This question is motivated by the problem of finding heat kernels to use for the renormalization of quantum field theories on manifolds with boundary.

If $(\mathscr{E}, Q)$ is an elliptic complex on a closed manifold $M$, then if one chooses a metric $(\cdot,\cdot)$ for $\mathscr{E}$, one can define the formal adjoint $Q^*$ to $Q$ and the cohomological degree-zero operator $QQ^*+Q^*Q$ is elliptic. Its kernel is precisely the cohomology of $\mathscr{E}$. Moreover, there is a decomposition

$\mathscr{E}= \ker(Q)\cap\ker(Q^*)\oplus \text{Im}Q\oplus \text{Im}Q^*.$

On a compact manifold with boundary, there is a similar decomposition (see Günter Schwarz: Hodge Decomposition - A Method for Solving Boundary Value Problems) for differential forms: a $k$ form can be written uniquely as the sum of a harmonic $k$-form (one which is both $d$- and $\delta$-closed), the boundary of a form with vanishing tangential component on $\partial M$, and the coboundary of a form with vanishing normal component on the boundary.

Is there a similar statement which applies for a general elliptic complex on $M$? I would be happy enough to know this for an elliptic complex which is isomorphic to one of the form $(\mathscr{E’}\otimes \Omega^\bullet_{[0,\epsilon)},Q’\otimes 1+1\otimes d)$ near $\partial M$ (after a choice of collar neighborhood for $\partial M$), and the metric on $\mathscr{E}$ is a product metric under this identification. Here, $(\mathscr{E}’, Q’)$ is an elliptic complex on $\partial M$. In this situation, it still makes sense to define the tangential and normal parts of an element $e\in \mathscr{E}$ near $\partial M$. So, more precisely, my question is: in the situation just described, can one write

$\mathscr{E} = \ker Q\cap \ker Q^*\oplus Q\mathscr{T}^{k-1}\oplus Q^* \mathscr{N}^{k+1},$

where $\mathscr{T}^{k-1}$ is the space of elements of degree $k-1$ in $\mathscr{E}$ with vanishing tangential component on the boundary and $\mathscr{N}^{k+1}$ is the space of elements of degree $k+1$ in $\mathscr{E}$ with vanishing normal component on the boundary?


1 Answer 1


The answer to this question as asked is no. However, you generally obtain something similar.

Consider $D = Q + Q^*$. By standard arguments, $$\ker(D) = \ker(Q)\cap \ker(Q^*).$$ (Of course $D\Phi = 0$ means that $D^2\Phi=0$. But $D^2\Phi = 0$ implies $$0 = \langle \Phi, (Q^*Q+QQ^*) \Phi \rangle = \|Q\Phi\|^2 + \|Q^*\Phi\|^2,$$ hence $Q\Phi = Q^*\Phi = 0$. In other words, $$\ker(D) \subseteq \ker (D^2) \subseteq \ker(Q)\cap \ker(Q^*).$$ The other direction is trivial.)

Now we have the integration by parts rule $$\int_X\Bigl( \langle D\Phi, \Psi\rangle - \langle \Phi, D \Psi \rangle \Bigr) = \int_{\partial X} \langle \Phi|_{\partial X}, \sigma(\nu)\Psi|_{\partial X}\rangle,$$ where $\sigma$ is the principal symbol of $D$, $\nu$ is the normal vector to the boundary (choose the one that makes the sign correct :P). This shows that a smooth $D\Psi$ is orthogonal to $\ker(D)$ if and only if $$ \sigma(\nu)\Psi|_{\partial X} \perp \{\Phi|_{\partial X} \mid D\Phi = 0\}. \qquad (*)$$ Hence we obtain the splitting $$\mathscr{E} = \ker(D) \oplus D\mathscr{R},$$ where $\mathscr{R}$ is the space of $\Psi$ satisfying the orthogonality requirement $(*)$. If we further take into account the grading and figure out what the integration by parts formula gives us, we get $$\mathscr{E}^k = \mathscr{E}^k \cap \ker(D) \oplus Q \mathscr{T}^{k-1} \oplus Q^* \mathscr{N}^{k+1},$$ where $$ \begin{aligned} \mathscr{T}^{k-1} &= \{ \Psi \in \mathscr{E}^{k-1} \mid \rho(\nu)\Psi|_{\partial X}, \perp L^{k}\},& \quad L^{k} &= \{\Phi|_{\partial X} \mid Q^*\Phi = 0, \Phi \in \mathscr{E}^k\}\\ \mathscr{N}^{k+1} &= \{ \Psi \in \mathscr{E}^{k+1} \mid \rho^*(\nu)\Psi|_{\partial X} \perp M^{k}\},& \quad M^{k} &= \{\Phi|_{\partial X} \mid Q\Phi = 0, \Phi \in \mathscr{E}^k\}.\end{aligned}$$ Here $\rho$, $\rho^*$ are the principal symbols of $Q$ and $Q^*$, respectively, so that $\sigma = \rho + \rho^*$.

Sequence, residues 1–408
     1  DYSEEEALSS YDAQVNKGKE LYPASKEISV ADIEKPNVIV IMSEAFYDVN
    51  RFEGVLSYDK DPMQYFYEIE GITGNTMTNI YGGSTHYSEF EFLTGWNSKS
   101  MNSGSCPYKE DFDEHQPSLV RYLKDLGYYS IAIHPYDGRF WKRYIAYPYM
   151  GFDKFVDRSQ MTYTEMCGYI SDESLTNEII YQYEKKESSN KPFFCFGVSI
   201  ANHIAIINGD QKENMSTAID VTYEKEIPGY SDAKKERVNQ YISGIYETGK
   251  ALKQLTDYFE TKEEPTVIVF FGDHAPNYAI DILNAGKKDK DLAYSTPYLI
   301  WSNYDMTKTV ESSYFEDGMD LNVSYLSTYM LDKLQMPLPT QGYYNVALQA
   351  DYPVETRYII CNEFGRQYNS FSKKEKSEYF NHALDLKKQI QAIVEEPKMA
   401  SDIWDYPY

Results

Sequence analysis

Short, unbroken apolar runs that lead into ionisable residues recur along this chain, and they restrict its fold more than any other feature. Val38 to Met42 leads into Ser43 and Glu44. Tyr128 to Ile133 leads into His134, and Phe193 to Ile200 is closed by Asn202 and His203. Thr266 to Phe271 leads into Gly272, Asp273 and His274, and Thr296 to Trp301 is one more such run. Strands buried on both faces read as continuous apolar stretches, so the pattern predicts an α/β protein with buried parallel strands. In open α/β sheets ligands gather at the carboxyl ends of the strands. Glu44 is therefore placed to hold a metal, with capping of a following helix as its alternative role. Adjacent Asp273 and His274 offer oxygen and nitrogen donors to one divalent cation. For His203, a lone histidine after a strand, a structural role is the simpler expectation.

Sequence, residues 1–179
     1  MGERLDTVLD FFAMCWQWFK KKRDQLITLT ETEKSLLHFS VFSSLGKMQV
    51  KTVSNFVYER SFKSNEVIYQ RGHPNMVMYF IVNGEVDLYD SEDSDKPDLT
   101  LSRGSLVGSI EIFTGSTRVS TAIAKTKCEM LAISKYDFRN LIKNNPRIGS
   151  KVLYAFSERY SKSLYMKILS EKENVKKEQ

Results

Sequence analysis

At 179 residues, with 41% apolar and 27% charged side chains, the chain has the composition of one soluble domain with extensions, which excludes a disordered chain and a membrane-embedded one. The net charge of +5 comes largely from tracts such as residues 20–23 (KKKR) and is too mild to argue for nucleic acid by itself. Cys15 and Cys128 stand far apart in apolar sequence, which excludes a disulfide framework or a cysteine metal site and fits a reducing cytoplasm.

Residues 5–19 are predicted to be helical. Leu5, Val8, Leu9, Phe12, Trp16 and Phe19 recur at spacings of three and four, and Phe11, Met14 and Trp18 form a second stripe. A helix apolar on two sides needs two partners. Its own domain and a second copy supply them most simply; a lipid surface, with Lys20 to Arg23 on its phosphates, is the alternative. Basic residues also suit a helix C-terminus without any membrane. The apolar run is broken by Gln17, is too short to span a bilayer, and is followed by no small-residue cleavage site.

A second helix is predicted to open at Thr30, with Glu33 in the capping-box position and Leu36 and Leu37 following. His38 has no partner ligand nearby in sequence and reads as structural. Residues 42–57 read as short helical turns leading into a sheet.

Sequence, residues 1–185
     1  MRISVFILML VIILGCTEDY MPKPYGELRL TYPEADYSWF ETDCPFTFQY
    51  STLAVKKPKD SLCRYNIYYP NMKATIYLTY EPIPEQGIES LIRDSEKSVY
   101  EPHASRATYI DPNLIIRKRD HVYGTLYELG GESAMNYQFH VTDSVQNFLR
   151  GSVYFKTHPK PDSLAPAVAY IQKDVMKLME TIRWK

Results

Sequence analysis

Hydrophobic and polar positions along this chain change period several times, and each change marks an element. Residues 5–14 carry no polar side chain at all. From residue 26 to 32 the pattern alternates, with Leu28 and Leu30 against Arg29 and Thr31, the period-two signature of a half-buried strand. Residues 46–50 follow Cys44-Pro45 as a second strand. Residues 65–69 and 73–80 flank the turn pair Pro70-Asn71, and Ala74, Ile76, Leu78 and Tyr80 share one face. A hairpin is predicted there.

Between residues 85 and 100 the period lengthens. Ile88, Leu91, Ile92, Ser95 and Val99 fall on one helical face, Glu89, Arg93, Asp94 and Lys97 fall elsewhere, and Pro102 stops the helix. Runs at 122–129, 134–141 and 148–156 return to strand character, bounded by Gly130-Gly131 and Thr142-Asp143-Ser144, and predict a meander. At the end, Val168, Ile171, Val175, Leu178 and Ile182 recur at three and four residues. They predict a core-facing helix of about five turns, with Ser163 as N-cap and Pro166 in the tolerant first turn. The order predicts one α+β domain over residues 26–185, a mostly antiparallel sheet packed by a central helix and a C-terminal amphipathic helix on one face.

In your specific example, it so happens that $L^k = M^k = \Gamma(X, \Lambda^k T^*X)$, while $\rho(\nu)$ and $\rho^*(\nu)$ are wedging with, respectively insertion of the normal vector. Therefore $\mathscr{T}$ and $\mathscr{N}$ have the description you gave.

As an example where this is not the case, take $$0 \longrightarrow \mathscr{S}^+ \stackrel{Q}{\longrightarrow} \mathscr{S}^- \longrightarrow 0,$$ where $\mathscr{S} = \mathscr{S}^+ \oplus \mathscr{S}^-$ are the smooth sections of the spinor bundle over an even-dimensional spin manifold, and $Q= D^+$ is (half of) the Dirac operator. In this case, $Q$ and $Q^* = D^-$ are elliptic, and $L^-$, $M^+$ are not everything. In fact, it is a theorem that $$\mathscr{S}^+|_{\partial X} = \rho^*(\nu) L^- \oplus M^+, \qquad \text{and} \qquad \mathscr{S}^-|_{\partial X} = L^- \oplus \rho(\nu) M^+,$$ where each of the sums is direct. (Here I wrote $\pm$ instead of $0$, $1$ for the grading.)

  • $\begingroup$ Thank you for your answer, Matthias! What is the standard argument that shows that $\ker(D)=\ker(Q)\cap \ker(Q^*)$? The only one I can think of uses the formal self-adjointness of $D$, which fails to hold in this case. $\endgroup$ Apr 24, 2019 at 21:00
  • $\begingroup$ It should be noted that the argument works as written for first order $Q$. If $Q$ is a differential operator of higher order, then the Green formula (aka integration by parts formula) just preceding $(*)$ needs to be adjusted and the change propagated through to all the orthogonality conditions. $\endgroup$ May 25, 2019 at 8:19
  • $\begingroup$ Thanks Igor, that's completely right. $\endgroup$ May 28, 2019 at 2:19

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